Re-enter new password: <-- ReEnter New Password
Password updated successfully!
Reloading privilege tables..
 ... Success!


By default, a MariaDB installation has an anonymous user, allowing anyone
to log into MariaDB without having to have a user account created for
them.  This is intended only for testing, and to make the installation
go a bit smoother.  You should remove them before moving into a
production environment.

Remove anonymous users? [Y/n] y <-- Y to Remove Anonymous Users
 ... Success!

Normally, root should only be allowed to connect from 'localhost'.  This
ensures that someone cannot guess at the root password from the network.

Disallow root login remotely? [Y/n] y <-- Y to Disallow root login remotely
 ... Success!

By default, MariaDB comes with a database named 'test' that anyone can
access.  This is also intended only for testing, and should be removed
before moving into a production environment.

Remove test database and access to it? [Y/n] y <-- Y to remove Test database
 - Dropping test database...
 ... Success!
 - Removing privileges on test database...
 ... Success!

Reloading the privilege tables will ensure that all changes made so far
will take effect immediately.

Reload privilege tables now? [Y/n] y <-- Y to reload privilege
 ... Success!

Cleaning up...

All done!  If you've completed all of the above steps, your MariaDB
installation should now be secure.

Thanks for using MariaDB!

Install PHP

By default Apache server supports the HTML language only, not PHP. Install the PHP package along with support for the MariaDB.

yum install -y php php-mysql

You need to restart the server after the installation of the PHP, to do that type the following on the terminal.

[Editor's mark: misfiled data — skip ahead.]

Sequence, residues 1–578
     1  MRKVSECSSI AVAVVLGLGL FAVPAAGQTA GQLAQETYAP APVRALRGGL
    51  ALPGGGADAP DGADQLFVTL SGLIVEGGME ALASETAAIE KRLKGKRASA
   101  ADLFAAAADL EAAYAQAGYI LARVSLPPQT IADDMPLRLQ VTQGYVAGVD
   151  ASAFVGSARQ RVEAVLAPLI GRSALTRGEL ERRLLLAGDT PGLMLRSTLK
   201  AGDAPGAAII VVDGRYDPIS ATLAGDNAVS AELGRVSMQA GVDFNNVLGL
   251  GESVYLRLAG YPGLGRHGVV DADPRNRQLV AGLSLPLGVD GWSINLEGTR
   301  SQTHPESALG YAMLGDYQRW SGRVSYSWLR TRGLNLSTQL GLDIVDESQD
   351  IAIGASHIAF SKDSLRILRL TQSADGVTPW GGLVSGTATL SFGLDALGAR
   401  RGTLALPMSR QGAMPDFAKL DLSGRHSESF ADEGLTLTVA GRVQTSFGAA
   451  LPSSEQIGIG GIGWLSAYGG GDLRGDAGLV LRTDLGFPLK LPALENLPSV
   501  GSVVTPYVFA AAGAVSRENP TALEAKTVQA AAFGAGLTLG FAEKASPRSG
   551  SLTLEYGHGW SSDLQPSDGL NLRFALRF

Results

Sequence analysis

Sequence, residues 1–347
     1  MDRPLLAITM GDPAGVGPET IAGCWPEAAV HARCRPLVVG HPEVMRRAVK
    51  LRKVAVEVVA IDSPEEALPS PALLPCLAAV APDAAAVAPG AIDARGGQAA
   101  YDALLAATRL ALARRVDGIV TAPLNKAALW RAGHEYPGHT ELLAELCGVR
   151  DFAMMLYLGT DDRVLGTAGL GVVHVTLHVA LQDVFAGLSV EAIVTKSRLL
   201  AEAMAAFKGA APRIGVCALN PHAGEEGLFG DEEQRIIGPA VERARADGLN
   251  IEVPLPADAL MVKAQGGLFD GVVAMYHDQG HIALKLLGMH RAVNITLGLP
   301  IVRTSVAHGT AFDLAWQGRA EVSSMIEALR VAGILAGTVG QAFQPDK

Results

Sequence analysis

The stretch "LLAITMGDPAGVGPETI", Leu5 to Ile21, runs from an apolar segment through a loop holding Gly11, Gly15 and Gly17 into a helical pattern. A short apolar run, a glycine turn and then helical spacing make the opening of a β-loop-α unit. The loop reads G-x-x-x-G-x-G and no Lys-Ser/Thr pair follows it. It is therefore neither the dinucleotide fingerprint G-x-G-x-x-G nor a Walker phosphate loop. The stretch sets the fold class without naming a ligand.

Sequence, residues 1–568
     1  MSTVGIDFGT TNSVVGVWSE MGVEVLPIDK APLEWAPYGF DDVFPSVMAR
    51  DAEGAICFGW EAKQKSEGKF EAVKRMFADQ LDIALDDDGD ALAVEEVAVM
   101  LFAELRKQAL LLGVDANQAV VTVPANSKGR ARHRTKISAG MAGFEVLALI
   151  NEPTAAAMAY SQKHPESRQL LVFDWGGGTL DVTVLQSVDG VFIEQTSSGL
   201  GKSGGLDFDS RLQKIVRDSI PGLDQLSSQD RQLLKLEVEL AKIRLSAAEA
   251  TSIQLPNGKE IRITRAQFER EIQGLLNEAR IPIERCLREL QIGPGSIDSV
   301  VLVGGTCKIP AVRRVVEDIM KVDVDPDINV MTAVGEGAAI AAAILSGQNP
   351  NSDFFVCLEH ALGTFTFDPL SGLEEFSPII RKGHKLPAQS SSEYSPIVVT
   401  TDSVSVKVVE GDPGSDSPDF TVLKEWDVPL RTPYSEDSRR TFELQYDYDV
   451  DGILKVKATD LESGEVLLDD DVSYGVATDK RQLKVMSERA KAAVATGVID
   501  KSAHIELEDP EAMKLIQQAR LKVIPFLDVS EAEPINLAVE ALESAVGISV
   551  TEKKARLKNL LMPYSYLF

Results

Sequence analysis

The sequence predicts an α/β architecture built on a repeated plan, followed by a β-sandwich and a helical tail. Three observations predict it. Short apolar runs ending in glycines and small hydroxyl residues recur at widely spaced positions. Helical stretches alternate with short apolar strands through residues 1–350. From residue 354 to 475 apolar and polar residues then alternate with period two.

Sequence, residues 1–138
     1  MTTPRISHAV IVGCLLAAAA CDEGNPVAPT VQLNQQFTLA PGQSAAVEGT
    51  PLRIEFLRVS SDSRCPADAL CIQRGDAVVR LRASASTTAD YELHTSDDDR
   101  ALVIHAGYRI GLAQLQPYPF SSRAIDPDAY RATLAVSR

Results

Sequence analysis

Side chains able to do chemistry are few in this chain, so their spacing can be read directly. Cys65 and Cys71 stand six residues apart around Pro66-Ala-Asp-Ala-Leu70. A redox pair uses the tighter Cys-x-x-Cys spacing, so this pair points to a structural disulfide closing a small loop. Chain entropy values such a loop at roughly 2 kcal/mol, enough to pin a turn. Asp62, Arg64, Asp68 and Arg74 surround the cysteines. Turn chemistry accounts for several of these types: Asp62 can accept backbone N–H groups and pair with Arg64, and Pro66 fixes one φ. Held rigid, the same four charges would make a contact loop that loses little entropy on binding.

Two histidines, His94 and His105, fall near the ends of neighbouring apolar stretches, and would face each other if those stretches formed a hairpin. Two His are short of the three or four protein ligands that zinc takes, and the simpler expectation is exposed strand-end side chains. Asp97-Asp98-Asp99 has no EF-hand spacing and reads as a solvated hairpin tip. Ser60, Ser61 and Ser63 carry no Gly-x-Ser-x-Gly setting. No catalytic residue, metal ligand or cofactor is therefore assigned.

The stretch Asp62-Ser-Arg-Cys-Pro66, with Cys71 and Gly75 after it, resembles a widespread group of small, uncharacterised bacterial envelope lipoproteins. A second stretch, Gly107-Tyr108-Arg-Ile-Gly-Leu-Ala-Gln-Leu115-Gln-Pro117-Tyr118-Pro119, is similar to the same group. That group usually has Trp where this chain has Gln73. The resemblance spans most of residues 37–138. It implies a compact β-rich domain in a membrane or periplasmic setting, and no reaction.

systemctl restart httpd

Firewall

Configure the firewall to allow HTTP requests.

firewall-cmd --permanent --add-port=80/tcp
firewall-cmd --reload

Test LAMP Stack

To test PHP, place a .php file on to the default directory of the Apache.

In the terminal copy/paste the following line:

vi /var/www/html/info.php

This will open up a file called info.php.

Copy/paste this line into the phpinfo file and save and then close the file.

<?php phpinfo()?>
This file will display lots of useful information about our PHP installation, such as the installed PHP version, PHP extension details, etc.

Now open your web browser and type the following into the web address:

http://localhost/info.php

OR

http://you.ip.addr.ess/info.php

The page looks like below:

Install Linux, Apache, MariaDB, PHP (LAMP Stack) on CentOS 7 - PHP Information
Install Linux, Apache, MariaDB, PHP (LAMP Stack) on CentOS 7 – PHP Information

Scroll down the browser to the modules section to check the support for the MariaDB. You will get the screen like below.

Install Linux, Apache, MariaDB, PHP (LAMP Stack) on CentOS 7 - MariaDB Support Details
Install Linux, Apache, MariaDB, PHP (LAMP Stack) on CentOS 7 – MariaDB Support Details

You have successfully installed the LAMP Stack on CentOS 7 / RHEL 7.

Interested Topics:

READ: How To Install phpMyAdmin on CentOS 7 / RHEL 7

READ: How To Setup Let’s Encrypt With Apache on CentOS 7 / RHEL 7

That’s All.

Further Reading

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How To Install Linux, Apache, MariaDB, PHP (LAMP Stack) on CentOS 7 / RHEL 7